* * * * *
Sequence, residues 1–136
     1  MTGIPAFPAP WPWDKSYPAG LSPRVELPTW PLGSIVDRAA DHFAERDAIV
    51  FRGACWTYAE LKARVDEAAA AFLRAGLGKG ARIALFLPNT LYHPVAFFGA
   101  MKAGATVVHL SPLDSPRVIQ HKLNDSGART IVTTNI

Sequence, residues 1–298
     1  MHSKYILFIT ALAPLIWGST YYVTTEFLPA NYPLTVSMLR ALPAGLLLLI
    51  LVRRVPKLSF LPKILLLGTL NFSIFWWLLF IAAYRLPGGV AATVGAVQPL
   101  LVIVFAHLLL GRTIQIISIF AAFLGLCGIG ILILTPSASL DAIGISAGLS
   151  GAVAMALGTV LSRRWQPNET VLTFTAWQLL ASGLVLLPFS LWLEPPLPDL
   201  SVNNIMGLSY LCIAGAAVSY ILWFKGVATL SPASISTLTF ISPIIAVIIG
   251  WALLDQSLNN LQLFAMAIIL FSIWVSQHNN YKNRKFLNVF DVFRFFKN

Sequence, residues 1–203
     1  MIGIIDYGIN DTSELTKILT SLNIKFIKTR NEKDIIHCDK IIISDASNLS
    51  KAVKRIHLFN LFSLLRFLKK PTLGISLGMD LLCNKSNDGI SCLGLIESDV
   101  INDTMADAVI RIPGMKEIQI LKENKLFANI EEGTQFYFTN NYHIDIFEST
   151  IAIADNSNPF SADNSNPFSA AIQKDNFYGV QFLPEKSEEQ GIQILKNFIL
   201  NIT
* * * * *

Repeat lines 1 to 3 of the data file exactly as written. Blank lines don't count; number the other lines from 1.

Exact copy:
Sequence, residues 1–136
     1  MTGIPAFPAP WPWDKSYPAG LSPRVELPTW PLGSIVDRAA DHFAERDAIV
    51  FRGACWTYAE LKARVDEAAA AFLRAGLGKG ARIALFLPNT LYHPVAFFGA